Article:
Findings revealed that all three of the treatments made a significant difference in these women’s lives, reducing the severity of intentional self-injury, the number of suicide attempts and overall reason for living.
Dialectical Behavior Therapy Interventions Helpful In Preventing Suicide Attempts
First Posted: Mar 25, 2015 06:15 PM EDT
New findings published in JAMA Psychiatry have shown that a variety of dialectical behavioral therapy (DBT) interventions have be found helpful in preventing suicide attempts and nonsuicidal self-injury acts when reviewed in a randomized clinical trial of women who were dealing with a borderline personality disorder (BPD).
Women who are suffering with BPD oftentimes have a heightened fear of abandonment, frequent mood swings, self-harming behaviors and chronic feelings of emptiness that may lead to suicidal tendencies.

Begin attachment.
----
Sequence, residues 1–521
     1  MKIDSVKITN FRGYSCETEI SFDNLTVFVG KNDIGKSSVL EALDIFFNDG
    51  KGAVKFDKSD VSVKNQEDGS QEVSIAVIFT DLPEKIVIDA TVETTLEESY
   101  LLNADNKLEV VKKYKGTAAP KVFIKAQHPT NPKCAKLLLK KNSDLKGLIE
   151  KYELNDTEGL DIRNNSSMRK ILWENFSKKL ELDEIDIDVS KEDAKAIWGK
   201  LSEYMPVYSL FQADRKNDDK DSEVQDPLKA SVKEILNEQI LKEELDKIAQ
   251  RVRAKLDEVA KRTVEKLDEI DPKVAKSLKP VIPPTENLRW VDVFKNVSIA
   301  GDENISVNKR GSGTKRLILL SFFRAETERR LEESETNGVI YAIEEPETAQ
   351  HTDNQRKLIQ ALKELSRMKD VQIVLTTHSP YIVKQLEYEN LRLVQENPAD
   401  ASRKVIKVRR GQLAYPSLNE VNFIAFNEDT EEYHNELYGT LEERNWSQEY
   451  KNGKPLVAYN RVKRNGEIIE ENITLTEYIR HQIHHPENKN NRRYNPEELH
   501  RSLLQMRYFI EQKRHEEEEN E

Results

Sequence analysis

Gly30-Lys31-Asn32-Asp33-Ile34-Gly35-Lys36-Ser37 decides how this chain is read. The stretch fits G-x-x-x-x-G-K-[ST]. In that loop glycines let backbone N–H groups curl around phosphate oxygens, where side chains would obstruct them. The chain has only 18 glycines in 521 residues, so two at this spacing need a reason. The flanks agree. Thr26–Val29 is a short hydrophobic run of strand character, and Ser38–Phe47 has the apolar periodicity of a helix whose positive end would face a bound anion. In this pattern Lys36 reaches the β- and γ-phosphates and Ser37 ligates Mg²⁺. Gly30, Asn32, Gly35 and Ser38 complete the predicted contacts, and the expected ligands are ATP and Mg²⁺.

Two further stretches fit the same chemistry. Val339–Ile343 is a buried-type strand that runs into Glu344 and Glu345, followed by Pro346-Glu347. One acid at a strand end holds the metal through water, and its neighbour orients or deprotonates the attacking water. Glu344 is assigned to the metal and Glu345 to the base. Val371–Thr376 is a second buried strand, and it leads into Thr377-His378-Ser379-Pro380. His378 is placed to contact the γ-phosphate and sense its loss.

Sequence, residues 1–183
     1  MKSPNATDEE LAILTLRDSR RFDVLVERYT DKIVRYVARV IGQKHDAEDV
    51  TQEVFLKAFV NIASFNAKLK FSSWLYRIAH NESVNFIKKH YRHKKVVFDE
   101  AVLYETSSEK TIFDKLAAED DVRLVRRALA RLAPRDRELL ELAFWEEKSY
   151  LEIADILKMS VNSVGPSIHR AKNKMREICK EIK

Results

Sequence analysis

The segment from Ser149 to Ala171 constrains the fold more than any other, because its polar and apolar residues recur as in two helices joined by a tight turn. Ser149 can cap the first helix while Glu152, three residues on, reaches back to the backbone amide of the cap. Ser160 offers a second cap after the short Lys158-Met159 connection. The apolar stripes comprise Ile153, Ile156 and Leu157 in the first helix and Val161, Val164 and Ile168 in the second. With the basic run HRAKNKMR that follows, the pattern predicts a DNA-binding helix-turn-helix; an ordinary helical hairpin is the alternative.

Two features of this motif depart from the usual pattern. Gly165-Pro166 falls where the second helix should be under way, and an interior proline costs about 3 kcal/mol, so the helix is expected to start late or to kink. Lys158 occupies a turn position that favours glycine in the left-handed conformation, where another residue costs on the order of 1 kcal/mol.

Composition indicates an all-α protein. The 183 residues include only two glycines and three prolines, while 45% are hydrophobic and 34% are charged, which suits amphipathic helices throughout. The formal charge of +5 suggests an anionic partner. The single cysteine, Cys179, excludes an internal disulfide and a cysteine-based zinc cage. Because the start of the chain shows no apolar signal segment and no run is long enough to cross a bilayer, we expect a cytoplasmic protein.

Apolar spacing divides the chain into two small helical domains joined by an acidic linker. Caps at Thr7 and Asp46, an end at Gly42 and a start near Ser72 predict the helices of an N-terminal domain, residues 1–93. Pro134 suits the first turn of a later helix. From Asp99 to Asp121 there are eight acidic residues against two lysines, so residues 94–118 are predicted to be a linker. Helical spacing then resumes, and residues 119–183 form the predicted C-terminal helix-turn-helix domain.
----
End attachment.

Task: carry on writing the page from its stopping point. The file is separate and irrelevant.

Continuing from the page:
Previous research has shown that DBT, a multicomponent therapy for individuals at high risk for suicide and with similar or multiple severe mental disorders, can particularly benefit from this kind of help as it works to regulate irrational thoughts and stabilize emotions.
The study notes that the components of DBT includes the following, courtesy of a news release: “individual therapy, group skills training, between-session telephone coaching and a therapist consultation team. The importance of DBT skills training compared with the other components has not been studied directly, according to study background.”
Researcher from the University of Washington, Seattle, set out to evaluate the importance of skills training by comparing three treatment groups: skills training plus case management to replace individual therapy (DBT-S), DBT individual therapy plus activities group to replace skills training so therapists instead focused on the skills patients already had (DBT-I); and standard DBT, which included skills training and individual therapy. The DBT Suicide Risk Assessment and Management protocol was used with all patients in the study.